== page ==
Las Vegas Sun
Monday, March 16, 2009 | 1:56 a.m.
I vividly remember the tail end of a wild tale once told by Rohit Joshi, a man I would swiftly dub the Maharishi of Downtown Development. It was in the summer of 2007, and he was going on and on about the grand designs he held for Neonopolis. At the time, Neonopolis was home to three tenants: Jillian’s (the fortress of sports viewing, Skee-Ball and kids playing the rock ’n’ roll that has since closed); Galaxy Theaters (quiet in here, ain’t it?) and Del Prado Family Jewelers, whose happy owner was allowed to reside rent-free because he’s a great guy and also because he’s part of a fairly famous second-generation Las Vegas family who has been doing business in Vegas for nearly 40 years.
That was it. Movie theaters, an ill-fated bar-restaurant-arcade-music venue and the struggling Del Prado House o’ Baubles. The Poker Dome studio complex came and went, too, in a deflating retail and entertainment center that was 85 percent full when its previous owners, Prudential Insurance, opened it in 2003.
“I have a very, very good brand name coming,” the Mumbai-born Joshi said during a lengthy interview in June 2007. He then swept his hand over a locked briefcase sitting in front of him on a conference room table. “In this briefcase lie my answers. But I am not ready to give them out.”
They are out now. Since that day, the documents have started to come to life on the corner of Las Vegas Boulevard and Fremont Street. The Star Trek Experience has signed a contract to lease space at Neonopolis and is expected to open a couple of its attractions (its gift shop and bar/restaurant, likely) on May 8, when the new “Star Trek” movie opens nationwide. Telemundo, NBC’s Hispanic-targeted TV network, now occupies the third floor. On the second floor, in the space once filled by Frederick’s of Hollywood and such walk-up eateries as Sbarro and La Salsa in the Neonopolis food court, are two arts entities startling in their size and scope. One is the Arts Center at Neonopolis, featuring about 30 spaces leased by artists in all array of mediums. With the closing of the Las Vegas Art Museum on Feb. 28, the Art Center -- operated by longtime Las Vegas artist and art figure and onetime LVAM Director Joe Palermo –- will likely grow into one of the city’s more significant venues for the creation and selling of art. Debbie Sussman’s Art Creates, Frank Mazzuca, photographer William Carr, Gina Quaranto, Antonio Castaneda’s Professional Welding, Robbie Bustos and Laury A. Monk’s Wired & Stoned custom jewelry, Bonnie Kelso, Daniel Pearson, Marilyn Olsen’s Grackle Graphics, D’Art Designs, Daniel Pearson’s Circadian Galleries, Michael Griesgraber and A.D. Cook are just a sample of the galleries and artists represented. I met all of these folks during a whirlwind tour of the space a few days ago with Joshi and Palermo.
Next door to the artists’ colony, where Frederick’s lace-and-leather nighties were once displayed, the Southern Nevada Museum of Fine Art is currently exhibiting the revealing Women Redux exhibit, sculptures crafted by Roberta Baskin Shefrin and paintings by Susanne Forestieri. The Barbizon School collection is also on display, which Joshi likes to say is more expensive than the original $25 million his investment group, Wirrulla Hayward, paid for the 250,000-square-foot mall in 2006 (the total investment is now at least $40 million). Also in plans on the third floor are three theaters that can be used for community theater and small-scale productions, even a comedy club. That space remains one to watch for all sorts of reasons. Joshi says an “Old Vegas-style” production would fit there, and there are a few shows fitting that description that are looking for a place to play – “Evening at La Cage” and “Folies Bergere” are a couple.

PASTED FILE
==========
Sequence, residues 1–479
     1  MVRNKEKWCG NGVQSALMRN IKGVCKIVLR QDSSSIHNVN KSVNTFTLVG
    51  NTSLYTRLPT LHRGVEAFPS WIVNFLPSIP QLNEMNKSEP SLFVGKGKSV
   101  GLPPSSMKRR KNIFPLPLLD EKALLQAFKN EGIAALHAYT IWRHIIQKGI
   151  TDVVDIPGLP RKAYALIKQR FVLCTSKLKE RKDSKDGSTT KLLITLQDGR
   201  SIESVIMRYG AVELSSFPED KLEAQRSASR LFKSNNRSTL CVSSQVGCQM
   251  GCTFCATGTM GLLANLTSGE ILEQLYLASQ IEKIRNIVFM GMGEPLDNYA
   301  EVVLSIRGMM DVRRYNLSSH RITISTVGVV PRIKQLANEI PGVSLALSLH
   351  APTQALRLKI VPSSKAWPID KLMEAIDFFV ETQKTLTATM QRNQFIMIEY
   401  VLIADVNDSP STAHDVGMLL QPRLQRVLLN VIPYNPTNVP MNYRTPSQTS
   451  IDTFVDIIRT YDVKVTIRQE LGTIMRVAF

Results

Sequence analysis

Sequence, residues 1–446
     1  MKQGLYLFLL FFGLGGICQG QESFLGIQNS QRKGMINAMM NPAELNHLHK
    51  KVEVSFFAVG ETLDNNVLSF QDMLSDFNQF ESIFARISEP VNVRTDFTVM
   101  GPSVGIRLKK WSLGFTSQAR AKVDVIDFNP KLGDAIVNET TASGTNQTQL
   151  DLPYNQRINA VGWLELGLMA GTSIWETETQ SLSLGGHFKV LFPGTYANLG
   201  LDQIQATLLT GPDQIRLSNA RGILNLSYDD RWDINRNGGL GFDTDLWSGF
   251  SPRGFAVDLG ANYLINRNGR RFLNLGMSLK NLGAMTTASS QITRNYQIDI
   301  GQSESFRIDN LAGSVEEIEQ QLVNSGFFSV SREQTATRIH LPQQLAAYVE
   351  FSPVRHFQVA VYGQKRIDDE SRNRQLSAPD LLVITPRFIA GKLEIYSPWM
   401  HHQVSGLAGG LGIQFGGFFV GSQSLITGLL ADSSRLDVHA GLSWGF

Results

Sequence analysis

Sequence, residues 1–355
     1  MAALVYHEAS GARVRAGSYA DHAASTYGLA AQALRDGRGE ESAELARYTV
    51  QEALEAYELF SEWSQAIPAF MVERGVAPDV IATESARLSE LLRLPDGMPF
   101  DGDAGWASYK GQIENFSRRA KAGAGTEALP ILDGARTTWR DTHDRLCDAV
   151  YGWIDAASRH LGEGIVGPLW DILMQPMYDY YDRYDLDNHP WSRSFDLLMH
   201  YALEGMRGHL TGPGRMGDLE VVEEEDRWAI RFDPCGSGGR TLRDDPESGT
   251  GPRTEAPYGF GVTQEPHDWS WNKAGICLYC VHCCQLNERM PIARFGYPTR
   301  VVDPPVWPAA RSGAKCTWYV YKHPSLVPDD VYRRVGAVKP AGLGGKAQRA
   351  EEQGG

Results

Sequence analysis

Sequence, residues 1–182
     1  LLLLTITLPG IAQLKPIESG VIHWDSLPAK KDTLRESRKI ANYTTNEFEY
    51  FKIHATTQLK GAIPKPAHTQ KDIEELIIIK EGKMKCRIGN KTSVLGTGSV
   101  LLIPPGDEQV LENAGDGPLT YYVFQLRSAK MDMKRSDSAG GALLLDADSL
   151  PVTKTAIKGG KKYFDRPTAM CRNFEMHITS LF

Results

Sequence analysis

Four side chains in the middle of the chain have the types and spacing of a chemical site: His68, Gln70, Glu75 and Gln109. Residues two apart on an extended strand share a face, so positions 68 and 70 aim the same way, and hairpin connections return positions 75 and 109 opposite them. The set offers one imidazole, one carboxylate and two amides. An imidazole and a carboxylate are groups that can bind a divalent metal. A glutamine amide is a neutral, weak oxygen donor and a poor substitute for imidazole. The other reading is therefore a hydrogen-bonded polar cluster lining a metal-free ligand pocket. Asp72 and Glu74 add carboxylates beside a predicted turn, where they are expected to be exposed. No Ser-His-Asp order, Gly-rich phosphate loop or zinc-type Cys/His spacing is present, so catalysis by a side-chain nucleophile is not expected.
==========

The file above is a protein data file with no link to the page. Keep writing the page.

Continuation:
Downstairs, the Taste of California Deli opened last year, as did the Sushi Ma restaurant. La Luna Restaurant, an Italian joint, and El Nopal Mexican Grill is scheduled to open this year, too. Wet Ultra Lounge is a confirmed club tenant, and Joshi is coy about the second club tenant, which has interests in L.A. and on the Strip. Based on Joshi’s description, Krave is the one that fits best.
Beyond the Sun
As for Star Trek, Joshi has run afoul of CBS, which owns the Trek title and licensing rights by specifying just what will happen at Neonopolis. But the attraction will be an advanced version of the LV Hilton’s indoor theme park, which drew a steady stream of Trekkers for 10 years (Joshi needs to embrace that proper term and lose “Trekkies”), and occupy a large chunk of the bottom floor and expand skyward. Expect a museum, an IMAX 4D feature and an admission fee of no more than $25 per ticket.
“Star Trek will be great for the city, great for downtown,” Joshi says, his eyes dancing at the thought of Neonopolis crawling with Ferengi. “I have been getting calls from all over the world about it.”
It wasn’t so long ago that Joshi was a man who Mayor Oscar Goodman once accused of spouting “gobbledygook,” and who less than two years ago was actively seeking someone to buy Neonopolis out from under Wirrulla Hayward. Joshi toyed with the idea, but derided the tepidly interested as mere “looky-loos.” Today, as the iconic corner has built up around him -- the Fremont East entertainment district has bloomed with the Downtown Cocktail Room, Hennessey’s, Brass Lounge, Mickey Finnz and the Griffin -- Joshi seems to be sitting pretty.
Not a moment too soon.
“With the mayor, if you produce good results, he’ll respect you,” Joshi said. “If you don’t do what you promise, he’ll rebuke you. For both sides, it’s been a tough go.”